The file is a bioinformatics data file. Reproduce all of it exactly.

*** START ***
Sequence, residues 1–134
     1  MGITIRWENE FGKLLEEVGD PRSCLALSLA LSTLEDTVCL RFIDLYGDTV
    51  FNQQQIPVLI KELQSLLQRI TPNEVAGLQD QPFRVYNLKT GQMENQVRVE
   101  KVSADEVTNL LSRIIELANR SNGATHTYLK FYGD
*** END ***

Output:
Sequence, residues 1–134
     1  MGITIRWENE FGKLLEEVGD PRSCLALSLA LSTLEDTVCL RFIDLYGDTV
    51  FNQQQIPVLI KELQSLLQRI TPNEVAGLQD QPFRVYNLKT GQMENQVRVE
   101  KVSADEVTNL LSRIIELANR SNGATHTYLK FYGD